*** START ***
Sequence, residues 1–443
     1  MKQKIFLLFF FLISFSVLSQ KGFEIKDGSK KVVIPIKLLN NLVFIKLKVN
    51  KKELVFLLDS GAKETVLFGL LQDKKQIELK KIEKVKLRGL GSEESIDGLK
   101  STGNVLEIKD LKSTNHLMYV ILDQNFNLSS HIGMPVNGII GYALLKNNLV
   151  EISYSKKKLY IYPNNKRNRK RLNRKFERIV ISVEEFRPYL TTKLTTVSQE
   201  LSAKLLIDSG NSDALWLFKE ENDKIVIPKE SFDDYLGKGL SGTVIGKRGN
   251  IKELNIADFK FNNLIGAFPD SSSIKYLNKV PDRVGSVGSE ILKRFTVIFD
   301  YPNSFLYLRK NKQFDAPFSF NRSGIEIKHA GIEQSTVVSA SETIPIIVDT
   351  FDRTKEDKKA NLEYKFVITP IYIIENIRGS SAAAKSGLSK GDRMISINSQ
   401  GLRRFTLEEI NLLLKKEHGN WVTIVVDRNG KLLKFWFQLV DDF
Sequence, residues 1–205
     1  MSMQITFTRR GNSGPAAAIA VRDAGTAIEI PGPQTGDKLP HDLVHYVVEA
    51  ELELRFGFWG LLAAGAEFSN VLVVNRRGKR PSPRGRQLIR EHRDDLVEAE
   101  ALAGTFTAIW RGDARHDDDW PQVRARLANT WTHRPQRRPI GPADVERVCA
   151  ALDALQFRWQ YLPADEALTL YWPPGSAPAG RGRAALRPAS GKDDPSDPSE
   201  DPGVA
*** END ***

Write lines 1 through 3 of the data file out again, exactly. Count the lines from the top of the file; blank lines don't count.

Sequence, residues 1–443
     1  MKQKIFLLFF FLISFSVLSQ KGFEIKDGSK KVVIPIKLLN NLVFIKLKVN
    51  KKELVFLLDS GAKETVLFGL LQDKKQIELK KIEKVKLRGL GSEESIDGLK